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  • Kyle Chua

American Lawmakers Intend To Ban TikTok in US Over Security Concerns

The widening influence of TikTok has apparently caught the attention of some American lawmakers, who now look to ban the short-form video platform in the U.S. over its ties to China and possible security concerns.

Credit: Reuters

A new bipartisan bill was introduced in the U.S. Senate and House of Representatives that could move to block access to TikTok or any other apps that send user data to oppressive governments, censor news or try to "indoctrinate" the public, as Ars Technica reports.


The bill – formally called the ANTI-SOCIAL CCP Act (Averting the National Threat of Internet Surveillance, Oppressive Censorship and Influence, and Algorithmic Learning by the Chinese Communist Party) – wants to halt transactions by social media companies that are controlled by so-called “countries of concern," which include China, Russia, Iran, North Korea, Cuba and Venezuela.


TikTok is specifically labelled as a national threat to the U.S. in the bill due to it being owned by Chinese internet giant ByteDance.


"The federal government has yet to take a single meaningful action to protect American users from the threat of TikTok," said Senator Marco Rubio, who together with Congressman Mike Gallagher and Congressman Raja Krishnamoorthi introduced the bill. "There is no more time to waste on meaningless negotiations with a CCP-puppet company. It is time to ban Beijing-controlled TikTok for good."


TikTok has already taken steps to gain the trust of the American government and distance itself from operations in China, such as migrating U.S. user data domestically and beefing up its security. It would also allow American database giant Oracle to audit the algorithm that makes content recommendations on the platform.

U.S. Senator Marco Rubio (left) & Congressman Mike Gallagher (right). Credit: Reuters & Getty Images

Still, these efforts were probably not enough for some lawmakers, who argue that the social media juggernaut remains linked to Beijing. Rubio and Gallagher, for instance, pointed to the LinkedIn profiles of some ByteDance employees that connected them to propaganda outlets backed by the Chinese government.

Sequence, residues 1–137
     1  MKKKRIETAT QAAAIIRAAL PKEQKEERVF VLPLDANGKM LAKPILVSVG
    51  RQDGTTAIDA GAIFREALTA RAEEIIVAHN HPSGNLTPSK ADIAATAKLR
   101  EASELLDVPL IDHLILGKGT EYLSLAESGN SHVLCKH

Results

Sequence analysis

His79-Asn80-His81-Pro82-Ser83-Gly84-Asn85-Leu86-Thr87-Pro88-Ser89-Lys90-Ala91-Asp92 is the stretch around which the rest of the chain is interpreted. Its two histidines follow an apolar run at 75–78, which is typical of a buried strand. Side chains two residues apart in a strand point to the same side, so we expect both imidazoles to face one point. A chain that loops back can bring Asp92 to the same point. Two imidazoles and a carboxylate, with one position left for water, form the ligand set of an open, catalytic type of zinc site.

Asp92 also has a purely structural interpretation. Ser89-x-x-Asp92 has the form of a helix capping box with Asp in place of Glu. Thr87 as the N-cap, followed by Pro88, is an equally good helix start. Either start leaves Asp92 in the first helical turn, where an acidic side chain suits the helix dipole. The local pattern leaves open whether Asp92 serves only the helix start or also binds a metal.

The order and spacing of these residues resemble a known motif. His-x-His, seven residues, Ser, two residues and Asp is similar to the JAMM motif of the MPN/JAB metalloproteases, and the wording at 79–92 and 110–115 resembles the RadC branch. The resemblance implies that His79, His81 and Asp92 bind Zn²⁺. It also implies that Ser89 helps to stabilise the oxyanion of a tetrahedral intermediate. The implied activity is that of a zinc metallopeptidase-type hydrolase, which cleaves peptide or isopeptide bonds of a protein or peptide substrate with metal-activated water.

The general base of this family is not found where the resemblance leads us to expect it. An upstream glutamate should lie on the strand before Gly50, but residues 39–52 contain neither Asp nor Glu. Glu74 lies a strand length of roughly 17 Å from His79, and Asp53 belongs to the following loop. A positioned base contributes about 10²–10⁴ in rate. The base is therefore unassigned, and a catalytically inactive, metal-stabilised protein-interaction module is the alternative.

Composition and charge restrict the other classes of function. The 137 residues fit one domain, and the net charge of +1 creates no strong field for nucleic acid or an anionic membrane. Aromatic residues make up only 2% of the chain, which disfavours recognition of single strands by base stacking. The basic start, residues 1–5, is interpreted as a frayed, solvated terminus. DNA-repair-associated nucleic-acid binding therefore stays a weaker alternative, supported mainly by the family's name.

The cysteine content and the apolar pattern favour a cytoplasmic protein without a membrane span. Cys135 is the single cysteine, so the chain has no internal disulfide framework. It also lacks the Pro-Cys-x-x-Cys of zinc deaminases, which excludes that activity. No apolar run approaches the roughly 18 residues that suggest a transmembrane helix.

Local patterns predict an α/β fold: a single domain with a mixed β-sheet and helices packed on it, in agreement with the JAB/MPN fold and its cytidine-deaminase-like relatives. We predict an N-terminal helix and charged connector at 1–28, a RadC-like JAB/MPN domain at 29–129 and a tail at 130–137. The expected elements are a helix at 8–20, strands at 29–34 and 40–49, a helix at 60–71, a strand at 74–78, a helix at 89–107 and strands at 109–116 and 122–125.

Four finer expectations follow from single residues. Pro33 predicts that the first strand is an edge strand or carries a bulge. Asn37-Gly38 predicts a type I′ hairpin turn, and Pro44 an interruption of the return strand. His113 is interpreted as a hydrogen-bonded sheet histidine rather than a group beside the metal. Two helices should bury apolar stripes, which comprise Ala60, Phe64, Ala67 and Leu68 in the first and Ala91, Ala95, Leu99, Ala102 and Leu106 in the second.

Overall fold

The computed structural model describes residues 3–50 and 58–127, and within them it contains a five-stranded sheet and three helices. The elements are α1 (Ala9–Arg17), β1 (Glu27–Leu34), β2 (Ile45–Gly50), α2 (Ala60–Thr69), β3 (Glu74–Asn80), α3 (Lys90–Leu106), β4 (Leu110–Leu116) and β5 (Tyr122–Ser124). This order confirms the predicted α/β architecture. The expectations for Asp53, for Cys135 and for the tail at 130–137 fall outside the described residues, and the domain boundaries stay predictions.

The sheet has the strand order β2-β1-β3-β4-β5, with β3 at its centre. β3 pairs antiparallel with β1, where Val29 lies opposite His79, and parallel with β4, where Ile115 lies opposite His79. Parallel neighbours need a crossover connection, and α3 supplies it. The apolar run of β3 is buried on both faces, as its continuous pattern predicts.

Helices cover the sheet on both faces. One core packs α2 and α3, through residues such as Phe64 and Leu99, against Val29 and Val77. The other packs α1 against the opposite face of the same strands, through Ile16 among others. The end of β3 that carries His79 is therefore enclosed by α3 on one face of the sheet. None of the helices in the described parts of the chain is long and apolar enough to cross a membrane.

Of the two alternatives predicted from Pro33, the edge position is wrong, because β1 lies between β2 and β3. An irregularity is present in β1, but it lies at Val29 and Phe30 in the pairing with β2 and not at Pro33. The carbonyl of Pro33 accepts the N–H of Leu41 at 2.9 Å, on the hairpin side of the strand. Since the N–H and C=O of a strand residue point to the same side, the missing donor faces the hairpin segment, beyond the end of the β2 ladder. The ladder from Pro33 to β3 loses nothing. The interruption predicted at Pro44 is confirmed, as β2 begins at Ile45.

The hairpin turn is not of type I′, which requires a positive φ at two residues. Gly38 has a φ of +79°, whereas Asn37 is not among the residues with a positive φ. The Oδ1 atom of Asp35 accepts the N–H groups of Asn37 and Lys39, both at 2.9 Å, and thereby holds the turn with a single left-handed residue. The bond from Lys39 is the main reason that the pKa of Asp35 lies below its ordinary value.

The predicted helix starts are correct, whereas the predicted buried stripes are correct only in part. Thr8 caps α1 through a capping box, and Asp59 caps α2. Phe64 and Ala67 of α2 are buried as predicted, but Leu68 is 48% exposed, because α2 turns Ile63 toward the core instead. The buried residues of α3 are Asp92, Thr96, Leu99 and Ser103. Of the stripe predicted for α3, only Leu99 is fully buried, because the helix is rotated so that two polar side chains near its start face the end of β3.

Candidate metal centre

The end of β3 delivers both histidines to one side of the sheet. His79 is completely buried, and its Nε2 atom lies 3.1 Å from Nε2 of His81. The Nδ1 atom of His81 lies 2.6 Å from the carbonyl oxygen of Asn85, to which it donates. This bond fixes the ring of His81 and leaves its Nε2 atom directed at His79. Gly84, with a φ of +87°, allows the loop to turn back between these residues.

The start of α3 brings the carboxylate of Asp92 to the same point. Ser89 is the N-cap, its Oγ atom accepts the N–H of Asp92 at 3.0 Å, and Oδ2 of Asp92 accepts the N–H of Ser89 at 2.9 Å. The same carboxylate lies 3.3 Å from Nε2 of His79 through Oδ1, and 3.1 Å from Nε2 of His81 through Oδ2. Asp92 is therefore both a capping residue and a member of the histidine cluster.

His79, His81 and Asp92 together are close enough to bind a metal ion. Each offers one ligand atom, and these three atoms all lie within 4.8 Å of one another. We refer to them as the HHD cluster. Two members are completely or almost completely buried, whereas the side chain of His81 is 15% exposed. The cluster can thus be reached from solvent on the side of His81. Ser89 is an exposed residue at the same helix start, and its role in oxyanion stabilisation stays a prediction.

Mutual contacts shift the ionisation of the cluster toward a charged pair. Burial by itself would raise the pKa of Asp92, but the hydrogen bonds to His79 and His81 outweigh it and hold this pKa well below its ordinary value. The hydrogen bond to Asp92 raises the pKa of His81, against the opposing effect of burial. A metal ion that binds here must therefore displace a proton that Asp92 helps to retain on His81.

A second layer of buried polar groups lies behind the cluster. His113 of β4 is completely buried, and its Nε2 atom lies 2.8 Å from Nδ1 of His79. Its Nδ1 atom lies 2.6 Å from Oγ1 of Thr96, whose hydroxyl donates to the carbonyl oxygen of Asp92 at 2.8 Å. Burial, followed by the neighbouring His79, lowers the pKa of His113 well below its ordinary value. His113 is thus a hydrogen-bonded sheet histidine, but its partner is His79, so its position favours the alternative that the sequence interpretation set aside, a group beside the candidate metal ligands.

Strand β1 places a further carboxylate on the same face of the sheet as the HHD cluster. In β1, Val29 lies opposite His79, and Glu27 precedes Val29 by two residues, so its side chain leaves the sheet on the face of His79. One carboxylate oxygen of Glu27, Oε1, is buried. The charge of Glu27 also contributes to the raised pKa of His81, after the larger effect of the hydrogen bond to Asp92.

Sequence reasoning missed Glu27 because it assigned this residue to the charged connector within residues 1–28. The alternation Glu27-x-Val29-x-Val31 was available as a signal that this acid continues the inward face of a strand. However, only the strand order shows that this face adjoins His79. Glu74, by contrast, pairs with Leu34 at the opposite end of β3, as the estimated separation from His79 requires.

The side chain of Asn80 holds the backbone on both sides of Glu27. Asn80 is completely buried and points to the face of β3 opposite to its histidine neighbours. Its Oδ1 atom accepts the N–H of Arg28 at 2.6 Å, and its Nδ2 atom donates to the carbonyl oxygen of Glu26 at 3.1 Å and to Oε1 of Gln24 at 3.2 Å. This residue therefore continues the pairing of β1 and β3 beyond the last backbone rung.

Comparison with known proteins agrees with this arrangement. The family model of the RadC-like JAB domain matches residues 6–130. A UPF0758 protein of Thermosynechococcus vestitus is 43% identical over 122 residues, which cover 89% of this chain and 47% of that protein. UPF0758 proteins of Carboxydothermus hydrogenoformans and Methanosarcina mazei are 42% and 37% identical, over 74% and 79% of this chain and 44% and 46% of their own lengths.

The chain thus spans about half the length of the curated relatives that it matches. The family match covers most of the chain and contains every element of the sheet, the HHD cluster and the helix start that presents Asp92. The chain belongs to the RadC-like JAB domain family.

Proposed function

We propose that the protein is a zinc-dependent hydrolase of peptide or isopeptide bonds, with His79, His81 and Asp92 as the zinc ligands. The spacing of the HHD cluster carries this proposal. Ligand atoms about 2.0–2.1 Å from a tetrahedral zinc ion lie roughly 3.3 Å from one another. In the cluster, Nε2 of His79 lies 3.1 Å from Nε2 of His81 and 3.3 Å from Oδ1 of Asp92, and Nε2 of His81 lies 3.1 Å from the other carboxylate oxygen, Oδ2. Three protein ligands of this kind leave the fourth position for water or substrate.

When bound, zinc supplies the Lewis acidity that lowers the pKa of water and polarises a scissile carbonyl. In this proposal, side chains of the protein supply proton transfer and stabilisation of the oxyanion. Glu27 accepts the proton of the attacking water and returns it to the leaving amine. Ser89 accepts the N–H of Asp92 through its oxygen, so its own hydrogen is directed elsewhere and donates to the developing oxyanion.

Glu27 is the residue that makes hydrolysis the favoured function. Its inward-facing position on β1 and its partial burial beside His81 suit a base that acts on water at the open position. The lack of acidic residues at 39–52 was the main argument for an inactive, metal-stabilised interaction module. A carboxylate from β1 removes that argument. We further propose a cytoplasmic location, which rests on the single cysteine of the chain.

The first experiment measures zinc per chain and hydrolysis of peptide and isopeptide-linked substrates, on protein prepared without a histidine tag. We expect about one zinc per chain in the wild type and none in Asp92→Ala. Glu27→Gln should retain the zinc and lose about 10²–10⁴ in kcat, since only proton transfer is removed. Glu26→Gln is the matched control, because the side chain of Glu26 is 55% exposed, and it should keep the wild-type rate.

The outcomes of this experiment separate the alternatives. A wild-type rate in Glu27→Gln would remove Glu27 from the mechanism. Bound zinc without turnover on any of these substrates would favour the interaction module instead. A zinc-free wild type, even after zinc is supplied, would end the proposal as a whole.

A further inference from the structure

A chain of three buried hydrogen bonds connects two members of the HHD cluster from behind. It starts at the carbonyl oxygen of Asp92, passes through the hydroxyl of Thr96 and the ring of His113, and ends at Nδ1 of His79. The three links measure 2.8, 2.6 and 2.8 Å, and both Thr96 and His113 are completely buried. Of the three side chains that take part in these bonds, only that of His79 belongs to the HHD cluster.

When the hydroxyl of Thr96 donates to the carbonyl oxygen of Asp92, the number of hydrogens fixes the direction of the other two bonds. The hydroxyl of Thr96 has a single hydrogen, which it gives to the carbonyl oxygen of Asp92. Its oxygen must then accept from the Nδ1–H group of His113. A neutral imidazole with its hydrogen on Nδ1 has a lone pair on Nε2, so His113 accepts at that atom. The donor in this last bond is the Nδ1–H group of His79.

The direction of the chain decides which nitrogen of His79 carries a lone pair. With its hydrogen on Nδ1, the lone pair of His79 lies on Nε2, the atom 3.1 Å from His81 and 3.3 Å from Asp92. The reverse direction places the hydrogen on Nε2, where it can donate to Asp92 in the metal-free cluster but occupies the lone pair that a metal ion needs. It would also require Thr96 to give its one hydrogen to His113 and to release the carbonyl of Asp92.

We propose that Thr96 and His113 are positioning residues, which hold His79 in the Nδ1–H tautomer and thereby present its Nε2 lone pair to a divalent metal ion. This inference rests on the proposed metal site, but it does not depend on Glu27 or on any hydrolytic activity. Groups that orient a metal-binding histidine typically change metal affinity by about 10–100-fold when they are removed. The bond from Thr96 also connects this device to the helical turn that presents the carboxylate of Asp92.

"It is troubling that rather than encouraging the [Biden] Administration to conclude its national security review of TikTok, some members of Congress have decided to push for a politically-motivated ban that will do nothing to advance the national security of the United States,” said TikTok spokesperson Brooke Oberwetter.


Oberwetter added that TikTok plans to continue to work with lawmakers in the hope of convincing them that its operations in the U.S. aren't a security concern.


Congress is still weighing the bill, and at this point, it's not certain yet whether it'll become law or not. President Biden upon taking office revoked then-President Trump's executive order to ban downloads of TikTok, signing a new order requiring a security review instead. The move suggests that Biden is open to the idea of working with TikTok, which could perhaps give it another chance at staying in the U.S. in case the bill does pass deliberations in the House.

 
  • A new bipartisan bill was introduced in the U.S. Senate and House of Representatives that could move to block access to TikTok in the country.

  • The bill wants to halt transactions by social media companies that are controlled by so-called “countries of concern," which include China and Russia, among others.

  • TikTok is specifically labelled as a national threat to the U.S. in the bill due to it being owned by Chinese internet giant ByteDance.

  • The social media juggernaut said the call for its ban in the U.S. is "politically motivated".

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